The Government of the Kingdom of Saudi Arabia denied that factions of its Air Force participate in attacks against movements opposed to the U.S. government in southern Yemen, in statements that circulated here.
Saudi fighter jets have participated in attacks on targets of Al-Qaeda in Yemen, said the local media contact.
The denial follows the publication in a British newspaper of information according to which the attacks with unmanned U.S. drones in the Yemeni south against bases of the Al-Qaeda network in reality correspond to Saudi fighter-bombers.
These operations, for which the results are impossible to verify by independent means, seek to attack al-Qaeda in the Arabian Peninsula (AQAP), an armed organization that demands separation of Yemen into two independent states.
The U.S. drone attacks have tripled in 2012 and provoked criticism from notable communities in the north and in the south by the death of non-combatant civilians, who are reported to be members of armed entities.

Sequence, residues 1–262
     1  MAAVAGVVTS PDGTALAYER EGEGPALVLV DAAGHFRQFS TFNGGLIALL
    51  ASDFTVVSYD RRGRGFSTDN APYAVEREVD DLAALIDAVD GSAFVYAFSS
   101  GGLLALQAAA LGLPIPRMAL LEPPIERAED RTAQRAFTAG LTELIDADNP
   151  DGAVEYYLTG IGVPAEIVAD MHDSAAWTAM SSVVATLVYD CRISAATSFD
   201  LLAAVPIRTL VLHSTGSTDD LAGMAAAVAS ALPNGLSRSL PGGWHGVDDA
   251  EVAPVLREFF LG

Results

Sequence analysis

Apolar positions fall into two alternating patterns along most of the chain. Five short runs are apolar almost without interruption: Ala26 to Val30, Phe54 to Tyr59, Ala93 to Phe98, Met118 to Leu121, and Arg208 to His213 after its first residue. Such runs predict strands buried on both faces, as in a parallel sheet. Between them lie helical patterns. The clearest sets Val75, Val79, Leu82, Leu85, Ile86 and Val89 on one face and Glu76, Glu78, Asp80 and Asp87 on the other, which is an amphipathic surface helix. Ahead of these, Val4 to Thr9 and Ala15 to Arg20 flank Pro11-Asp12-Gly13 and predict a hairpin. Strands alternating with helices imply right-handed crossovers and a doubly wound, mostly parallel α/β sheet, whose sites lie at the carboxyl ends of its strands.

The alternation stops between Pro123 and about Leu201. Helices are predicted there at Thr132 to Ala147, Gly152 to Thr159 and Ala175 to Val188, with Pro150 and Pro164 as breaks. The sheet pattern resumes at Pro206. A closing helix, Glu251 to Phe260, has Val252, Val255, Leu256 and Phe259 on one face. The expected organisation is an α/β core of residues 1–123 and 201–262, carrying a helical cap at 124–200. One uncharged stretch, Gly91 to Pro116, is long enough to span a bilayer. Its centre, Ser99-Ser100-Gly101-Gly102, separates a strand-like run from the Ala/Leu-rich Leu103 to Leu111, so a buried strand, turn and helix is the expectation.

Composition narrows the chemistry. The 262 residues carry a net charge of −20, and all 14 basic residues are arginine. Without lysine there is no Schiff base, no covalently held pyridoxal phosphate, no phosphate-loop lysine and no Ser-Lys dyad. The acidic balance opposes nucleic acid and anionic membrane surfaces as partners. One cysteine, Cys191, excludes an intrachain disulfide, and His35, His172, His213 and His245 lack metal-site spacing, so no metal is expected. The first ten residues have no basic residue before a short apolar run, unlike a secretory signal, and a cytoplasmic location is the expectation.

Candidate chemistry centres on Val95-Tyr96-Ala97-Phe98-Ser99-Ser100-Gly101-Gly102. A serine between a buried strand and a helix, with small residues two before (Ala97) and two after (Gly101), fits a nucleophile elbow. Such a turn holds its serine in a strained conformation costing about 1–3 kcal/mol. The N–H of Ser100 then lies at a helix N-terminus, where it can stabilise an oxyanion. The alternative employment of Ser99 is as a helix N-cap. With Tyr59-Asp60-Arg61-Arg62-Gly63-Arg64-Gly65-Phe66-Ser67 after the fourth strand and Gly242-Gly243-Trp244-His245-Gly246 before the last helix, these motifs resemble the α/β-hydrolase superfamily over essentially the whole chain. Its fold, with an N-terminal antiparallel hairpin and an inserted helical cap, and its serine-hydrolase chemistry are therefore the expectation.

The Saudi government's denial occurs during intense management of the Interim Government to specify a Yemeni national dialogue that allows extending its authority throughout the country, atomized into zones of influence both in the north and the south.
Also, Sana, the Yemeni capital, is the scene of frequent attacks against senior army officers and intelligence services, whose authors often escape unpunished.
Saudi Arabia has been long on making accusations itself, a case of accusing others of what they do themselves. They have long been behind the terrorist uprisings in Libya and Syria providing unlimited funding to terrorist groups.
At the height of Bahrain's unrest last year, around 1,000 troops from the Saudi Arabian National Guard arrived in Bahrain and it was reported they helped put down the unrest.
Translated from the Portuguese version by:
Thousands of pages of secret military plans are to be offered for approval at the upcoming NATO summit in Vilnius